CCS and Power Systems
Carbon Storage - Monitoring, Verification, Accounting, and Assessment
Combining Space Geodesy, Seismology, and Geochemistry for Monitoring, Verification and Accounting of CO2 in Sequestration Sites
Performer: University of Miami
Project No: FE0001580
Program Background and Project Benefits
Through its core research and development program administered by the National Energy Technology Laboratory (NETL), the U.S. Department of Energy (DOE) emphasizes monitoring, verification, and accounting (MVA), as well as computer simulation and risk assessment, of possible carbon dioxide (CO2) leakage at CO2 geologic storage sites. MVA efforts focus on the development and deployment of technologies that can provide an accurate accounting of stored CO2, with a high level of confidence that the CO2 will remain stored underground permanently. Effective application of these MVA technologies will ensure the safety of geologic storage projects with respect to both human health and the environment, and can provide the basis for establishing carbon credit trading markets for geologically storing CO2. Computer simulation can be used to estimate CO2 plume and pressure movement within the storage formation as well as aid in determining safe operational parameters; results from computer simulations can be used to refine and update a given site’s MVA plan. Risk assessment research focuses on identifying and quantifying potential risks to humans and the environment associated with geologic storage of CO2, and helping to ensure that these risks remain low.
It will be necessary to improve existing monitoring technologies, develop novel systems, and protocols to satisfy regulations to track the fate of subsurface CO2 and quantify any emissions from reservoirs. The Carbon Storage Program is sponsoring the development of technologies and protocols by 2020 that are broadly applicable in different geologic storage classes and have sufficient accuracy to account for greater than 99 percent of all injected CO2. If necessary, the tools will support project developers to help quantify emissions from carbon capture, utilization, and storage (CCUS) projects in the unlikely event that CO2 migrates out of the injection zone. Finally, coupled with our increased understanding of these systems and reservoir models, MVA tools will help in the development of one of DOE’s goals to quantify storage capacity within ± 30 percent accuracy.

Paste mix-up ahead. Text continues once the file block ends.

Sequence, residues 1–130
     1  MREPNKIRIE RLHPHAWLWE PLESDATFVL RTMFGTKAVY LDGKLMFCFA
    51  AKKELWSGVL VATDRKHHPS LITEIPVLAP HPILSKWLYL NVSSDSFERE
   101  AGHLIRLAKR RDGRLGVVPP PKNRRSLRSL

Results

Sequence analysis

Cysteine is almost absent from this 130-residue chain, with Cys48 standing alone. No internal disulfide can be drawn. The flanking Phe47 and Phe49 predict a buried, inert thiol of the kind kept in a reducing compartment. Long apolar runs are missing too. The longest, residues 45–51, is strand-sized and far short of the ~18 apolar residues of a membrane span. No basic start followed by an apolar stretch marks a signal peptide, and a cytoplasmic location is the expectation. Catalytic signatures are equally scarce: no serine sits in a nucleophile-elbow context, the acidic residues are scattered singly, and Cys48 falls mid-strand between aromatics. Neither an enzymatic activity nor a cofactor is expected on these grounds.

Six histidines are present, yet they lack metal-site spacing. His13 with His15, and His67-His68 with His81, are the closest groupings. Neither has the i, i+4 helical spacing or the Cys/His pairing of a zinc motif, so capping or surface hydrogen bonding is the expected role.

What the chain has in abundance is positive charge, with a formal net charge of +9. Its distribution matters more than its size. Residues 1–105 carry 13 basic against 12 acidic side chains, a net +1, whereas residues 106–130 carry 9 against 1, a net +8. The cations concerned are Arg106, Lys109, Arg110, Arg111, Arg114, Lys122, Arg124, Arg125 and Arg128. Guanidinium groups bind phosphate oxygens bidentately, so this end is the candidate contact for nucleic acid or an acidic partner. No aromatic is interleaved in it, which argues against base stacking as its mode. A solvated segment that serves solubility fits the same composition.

Assessment of the efficiency, safety, and long-term fate of CO2 injected into various types of geologic storage reservoirs remains a challenge. If successfully proven, the integrated methodology for CO2 monitoring in a storage reservoir described above can be implemented at relatively low cost at most proposed carbon storage sites. It will require only the installation of a sparse network of GPS, seismic, and geochemical stations, and low-cost commercial satellite imagery.
Primary Project Goal
The primary objective of the DOE’s Carbon Storage Program is to develop technologies to safely and permanently store CO2 and reduce Greenhouse Gas (GHG) emissions without adversely affecting energy use or hindering economic growth. The Programmatic goals of Carbon Storage research are: (1) estimating CO2 storage capacity in geologic formations; (2) demonstrating that 99 percent of injected CO2 remains in the injection zone(s); (3) improving efficiency of storage operations; and (4) developing Best Practices Manuals (BPMs).
The primary objective of this project is to develop and test a new, integrated approach for MVA of CO2 that is stored in deep geologic formations. This objective will help to improve and demonstrate the need for efficient storage operations and further demonstrate CO2 storage permanence in the subsurface. The essence of this approach is to integrate reconnaissance-scale space techniques with ground-monitoring methods of seismic and geochemical techniques, including:
High-precision space geodesy to measure subtle surface displacements associated with pressure/volume changes at depth due to injection of CO2 in a storage reservoir (Figure 1).
Analytical and numerical (finite element) modeling to relate deformation at the surface to pressure/volume changes at depth.
New, state-of-the-art algorithms using passive seismic monitoring and use of compressional velocity, shear-wave velocity, and attenuation from recorded seismic data, to monitor fluid motions, porosity changes, and other conditions in the reservoir and overburden.
Geochemical reservoir modeling to assess the fate of injected CO2.
Geochemical surface monitoring to measure CO2 seepages should they occur, using a combination of sensors to measure concentration and isotopic ratios.